News State Victoria News Compo question in police murder acquittal

Compo question in police murder acquittal

jason roberts police killing
Jason Roberts was released on bail after being found not guilty of murdering two officers in 1998. Photo: AAP
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As Jason Roberts spends his first full day of freedom in more than two decades, questions are turning to whether he could receive compensation for his time behind bars.

Roberts was acquitted on Monday of the 1998 murders of Victoria Police officers Sergeant Gary Silk and Senior Constable Rodney Miller.

The officers were staking out an armed robbery target in Moorabbin in the early hours of August 16 when they were ambushed and killed by Bandali Debs.

A jury in 2002 convicted Roberts as well, but Victoria’s Court of Appeal quashed that conviction finding there had been a “gross and fundamental corruption of the trial process”.

After nearly four months of evidence and days of deliberations, a fresh jury found Roberts not guilty of both murders.

The 41-year-old is still a convicted man, though, and is yet to be sentenced after he pleaded guilty to committing 10 armed robberies with Debs, his then-girlfriend’s father in the 1990s.

With the murder convictions overturned, Roberts could be eligible for an ex-gratia payment from the state government for time spent behind bars.

The alternative is for him to sue the state for damages. However, to do that he would have to prove he was the victim of a malicious prosecution.

Ex-gratia payments have been made before: a Victorian man received $525,000 in 2010 for 18 months he spent behind bars on a wrongful rape conviction.

In a similar case in Canberra, David Eastman was offered a $3 million ex-gratia payment from the ACT government when his conviction for the murder of Australian Federal Police assistant commissioner Colin Winchester was overturned in 2018.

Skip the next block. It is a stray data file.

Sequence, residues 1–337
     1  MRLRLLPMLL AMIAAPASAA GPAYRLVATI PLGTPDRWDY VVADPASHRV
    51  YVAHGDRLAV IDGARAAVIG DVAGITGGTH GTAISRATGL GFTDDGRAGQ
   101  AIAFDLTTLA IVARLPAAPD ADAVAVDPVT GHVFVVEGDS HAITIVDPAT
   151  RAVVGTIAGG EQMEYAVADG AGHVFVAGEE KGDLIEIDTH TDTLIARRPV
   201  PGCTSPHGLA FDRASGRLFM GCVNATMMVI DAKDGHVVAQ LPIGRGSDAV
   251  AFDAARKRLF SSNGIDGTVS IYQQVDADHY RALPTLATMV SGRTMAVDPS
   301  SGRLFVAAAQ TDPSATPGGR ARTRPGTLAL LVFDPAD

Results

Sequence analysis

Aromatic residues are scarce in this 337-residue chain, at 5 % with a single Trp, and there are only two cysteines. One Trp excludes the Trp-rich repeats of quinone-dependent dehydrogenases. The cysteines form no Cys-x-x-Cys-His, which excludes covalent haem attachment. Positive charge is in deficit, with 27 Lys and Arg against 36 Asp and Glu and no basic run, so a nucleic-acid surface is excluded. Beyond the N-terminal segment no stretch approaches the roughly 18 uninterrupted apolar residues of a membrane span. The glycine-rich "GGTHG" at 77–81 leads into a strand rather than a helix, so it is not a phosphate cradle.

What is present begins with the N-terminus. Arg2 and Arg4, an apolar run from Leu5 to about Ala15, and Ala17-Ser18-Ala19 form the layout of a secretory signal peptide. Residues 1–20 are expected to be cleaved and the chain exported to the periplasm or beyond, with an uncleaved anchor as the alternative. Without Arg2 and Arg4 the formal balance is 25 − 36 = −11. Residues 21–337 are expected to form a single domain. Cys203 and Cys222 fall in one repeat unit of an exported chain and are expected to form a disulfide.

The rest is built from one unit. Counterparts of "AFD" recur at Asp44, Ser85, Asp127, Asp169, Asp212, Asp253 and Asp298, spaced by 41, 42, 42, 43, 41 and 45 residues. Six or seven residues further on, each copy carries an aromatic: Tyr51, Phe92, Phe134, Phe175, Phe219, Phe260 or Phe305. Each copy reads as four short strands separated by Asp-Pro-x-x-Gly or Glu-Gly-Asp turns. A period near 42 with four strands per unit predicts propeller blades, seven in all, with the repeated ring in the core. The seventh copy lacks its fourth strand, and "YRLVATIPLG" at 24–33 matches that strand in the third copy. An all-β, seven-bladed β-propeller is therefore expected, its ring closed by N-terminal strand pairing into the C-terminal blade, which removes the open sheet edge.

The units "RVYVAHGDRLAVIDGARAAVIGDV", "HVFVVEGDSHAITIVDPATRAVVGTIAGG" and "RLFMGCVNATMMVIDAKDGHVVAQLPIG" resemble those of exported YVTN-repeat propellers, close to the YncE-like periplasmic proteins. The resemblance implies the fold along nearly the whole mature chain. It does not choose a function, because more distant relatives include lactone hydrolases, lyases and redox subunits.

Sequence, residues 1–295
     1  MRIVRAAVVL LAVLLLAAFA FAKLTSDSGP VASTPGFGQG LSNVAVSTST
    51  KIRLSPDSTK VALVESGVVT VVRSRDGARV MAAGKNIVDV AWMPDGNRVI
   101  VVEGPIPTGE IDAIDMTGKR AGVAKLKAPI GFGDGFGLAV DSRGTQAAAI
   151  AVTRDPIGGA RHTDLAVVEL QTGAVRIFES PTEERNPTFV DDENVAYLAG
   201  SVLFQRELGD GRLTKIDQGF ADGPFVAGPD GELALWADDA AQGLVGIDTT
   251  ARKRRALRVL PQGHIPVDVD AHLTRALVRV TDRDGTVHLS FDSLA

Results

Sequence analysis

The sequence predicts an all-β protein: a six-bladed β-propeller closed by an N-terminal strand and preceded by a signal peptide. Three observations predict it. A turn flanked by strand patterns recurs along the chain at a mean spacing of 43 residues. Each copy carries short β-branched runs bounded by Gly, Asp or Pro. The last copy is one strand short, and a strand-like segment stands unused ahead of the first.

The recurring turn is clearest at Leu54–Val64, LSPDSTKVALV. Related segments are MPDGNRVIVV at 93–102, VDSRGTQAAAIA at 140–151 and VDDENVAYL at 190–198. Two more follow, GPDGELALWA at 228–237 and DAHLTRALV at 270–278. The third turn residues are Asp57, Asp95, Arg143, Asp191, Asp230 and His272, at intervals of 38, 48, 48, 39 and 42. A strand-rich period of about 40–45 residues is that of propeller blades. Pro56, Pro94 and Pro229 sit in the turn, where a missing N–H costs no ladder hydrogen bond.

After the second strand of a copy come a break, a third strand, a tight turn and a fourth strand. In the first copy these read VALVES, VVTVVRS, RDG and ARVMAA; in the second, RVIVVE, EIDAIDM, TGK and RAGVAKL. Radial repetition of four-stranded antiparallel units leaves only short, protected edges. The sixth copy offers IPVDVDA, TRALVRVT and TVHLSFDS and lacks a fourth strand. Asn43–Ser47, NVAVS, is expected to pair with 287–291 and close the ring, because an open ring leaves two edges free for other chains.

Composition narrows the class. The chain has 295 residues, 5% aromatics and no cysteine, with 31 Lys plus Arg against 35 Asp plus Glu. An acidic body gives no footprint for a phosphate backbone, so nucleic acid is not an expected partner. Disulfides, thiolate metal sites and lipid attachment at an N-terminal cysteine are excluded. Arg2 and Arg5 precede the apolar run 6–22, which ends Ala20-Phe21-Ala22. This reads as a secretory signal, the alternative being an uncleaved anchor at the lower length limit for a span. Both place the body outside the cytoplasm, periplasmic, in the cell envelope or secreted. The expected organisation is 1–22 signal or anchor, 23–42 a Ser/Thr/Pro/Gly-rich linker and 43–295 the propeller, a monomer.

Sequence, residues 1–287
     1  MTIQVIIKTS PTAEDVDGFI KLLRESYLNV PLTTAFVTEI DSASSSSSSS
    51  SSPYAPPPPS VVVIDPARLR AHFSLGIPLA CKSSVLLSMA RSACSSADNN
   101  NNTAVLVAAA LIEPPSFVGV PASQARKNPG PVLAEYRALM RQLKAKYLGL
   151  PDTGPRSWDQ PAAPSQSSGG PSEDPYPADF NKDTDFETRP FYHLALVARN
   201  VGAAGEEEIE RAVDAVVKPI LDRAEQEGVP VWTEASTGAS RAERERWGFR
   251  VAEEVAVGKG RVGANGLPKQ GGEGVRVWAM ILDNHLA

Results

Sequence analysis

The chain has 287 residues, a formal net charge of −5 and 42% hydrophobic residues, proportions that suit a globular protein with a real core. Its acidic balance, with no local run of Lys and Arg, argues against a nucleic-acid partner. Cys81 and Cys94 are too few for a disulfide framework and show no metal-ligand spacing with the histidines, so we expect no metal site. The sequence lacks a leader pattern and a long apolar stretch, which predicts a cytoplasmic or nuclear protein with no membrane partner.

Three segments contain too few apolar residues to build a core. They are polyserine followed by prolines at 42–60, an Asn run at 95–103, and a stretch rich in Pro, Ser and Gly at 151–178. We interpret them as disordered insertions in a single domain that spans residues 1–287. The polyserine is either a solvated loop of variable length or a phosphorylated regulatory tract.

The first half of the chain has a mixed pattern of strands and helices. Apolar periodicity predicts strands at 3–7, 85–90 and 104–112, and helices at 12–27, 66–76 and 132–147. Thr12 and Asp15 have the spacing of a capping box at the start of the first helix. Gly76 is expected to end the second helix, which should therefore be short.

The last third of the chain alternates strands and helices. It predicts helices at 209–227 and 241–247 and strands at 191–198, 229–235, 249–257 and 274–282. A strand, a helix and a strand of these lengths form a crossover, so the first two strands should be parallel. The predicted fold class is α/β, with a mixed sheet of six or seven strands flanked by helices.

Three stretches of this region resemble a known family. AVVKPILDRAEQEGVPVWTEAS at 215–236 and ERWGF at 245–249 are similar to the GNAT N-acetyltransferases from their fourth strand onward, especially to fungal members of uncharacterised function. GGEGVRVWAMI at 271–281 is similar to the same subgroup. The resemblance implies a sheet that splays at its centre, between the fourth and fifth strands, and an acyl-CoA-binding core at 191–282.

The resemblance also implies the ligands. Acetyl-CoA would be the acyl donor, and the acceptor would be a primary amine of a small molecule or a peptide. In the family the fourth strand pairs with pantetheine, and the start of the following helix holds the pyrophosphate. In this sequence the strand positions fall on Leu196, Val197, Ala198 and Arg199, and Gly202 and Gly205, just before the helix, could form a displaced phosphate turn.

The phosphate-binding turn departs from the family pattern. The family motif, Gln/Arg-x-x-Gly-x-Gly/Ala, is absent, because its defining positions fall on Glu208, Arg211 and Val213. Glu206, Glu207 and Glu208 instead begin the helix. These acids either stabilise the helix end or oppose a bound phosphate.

Like Roberts, Mr Eastman had his initial conviction overturned on appeal and was acquitted after a retrial.

He turned down the offer and sought $18 million, ultimately being awarded more than $7 million under the ACT’s Human Rights Act.

The ACT is the only jurisdiction with legislation that allows such an award.

Barrister Adrian Hoel said the real issue for Roberts would be whether the state would make a payment offer.

“If there’s a willingness, an appetite to make this right if there’s a view that something needs to be made right, it could happen fairly swiftly,” he told AAP.

“If the state is just not interested, nothing is going to happen perhaps at all, but certainly not quickly.”

The jury’s verdict was met with overwhelming sadness within the Victoria Police community, Police Association secretary Wayne Gatt said.

“Losing a member, let alone two to an act of callous, criminal violence is our worst day in policing,” he said.

“Knowing that a person that our investigators alleged committed that horrific act has gone free is almost as traumatic.”

Families of Sgt Silk and Sen Const Miller were devastated by the verdict.

“We are enormously grateful to the detectives of the Lorimer Taskforce whose dedication and professionalism has been outstanding,” they said.

“Their commitment over the 24 years since Gary and Rod were murdered has been an inspiration.”

Chief Commissioner Shane Patton, who knew Sgt Silk professionally and socially, and who had been on jobs with Sen Const Miller, said the jury’s decision was disappointing.